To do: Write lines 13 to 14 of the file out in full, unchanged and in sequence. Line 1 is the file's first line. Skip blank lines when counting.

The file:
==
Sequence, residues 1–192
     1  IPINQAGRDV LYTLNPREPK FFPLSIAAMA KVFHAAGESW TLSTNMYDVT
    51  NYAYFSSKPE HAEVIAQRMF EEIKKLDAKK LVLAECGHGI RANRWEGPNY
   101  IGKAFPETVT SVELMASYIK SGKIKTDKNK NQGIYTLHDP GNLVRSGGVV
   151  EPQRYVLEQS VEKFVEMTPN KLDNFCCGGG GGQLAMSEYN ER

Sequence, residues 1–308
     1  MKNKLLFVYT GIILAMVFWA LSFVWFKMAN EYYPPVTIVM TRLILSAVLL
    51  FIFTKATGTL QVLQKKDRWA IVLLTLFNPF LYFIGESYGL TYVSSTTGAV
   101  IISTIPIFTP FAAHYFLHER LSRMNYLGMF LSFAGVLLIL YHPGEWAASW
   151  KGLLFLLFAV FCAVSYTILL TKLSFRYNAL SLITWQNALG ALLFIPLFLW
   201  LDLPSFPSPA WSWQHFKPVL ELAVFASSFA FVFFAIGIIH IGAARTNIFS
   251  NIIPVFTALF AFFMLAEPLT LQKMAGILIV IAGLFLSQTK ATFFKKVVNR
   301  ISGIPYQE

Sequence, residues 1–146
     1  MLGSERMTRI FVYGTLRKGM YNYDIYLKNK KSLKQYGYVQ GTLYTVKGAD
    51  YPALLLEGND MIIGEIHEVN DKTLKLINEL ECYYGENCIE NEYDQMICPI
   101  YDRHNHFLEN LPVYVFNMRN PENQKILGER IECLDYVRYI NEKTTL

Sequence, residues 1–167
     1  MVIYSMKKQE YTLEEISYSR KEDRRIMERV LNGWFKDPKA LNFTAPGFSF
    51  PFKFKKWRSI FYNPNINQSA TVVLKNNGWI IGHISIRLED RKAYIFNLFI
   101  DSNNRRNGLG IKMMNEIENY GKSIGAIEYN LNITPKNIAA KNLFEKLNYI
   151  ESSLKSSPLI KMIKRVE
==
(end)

   301  ISGIPYQE

Sequence, residues 1–146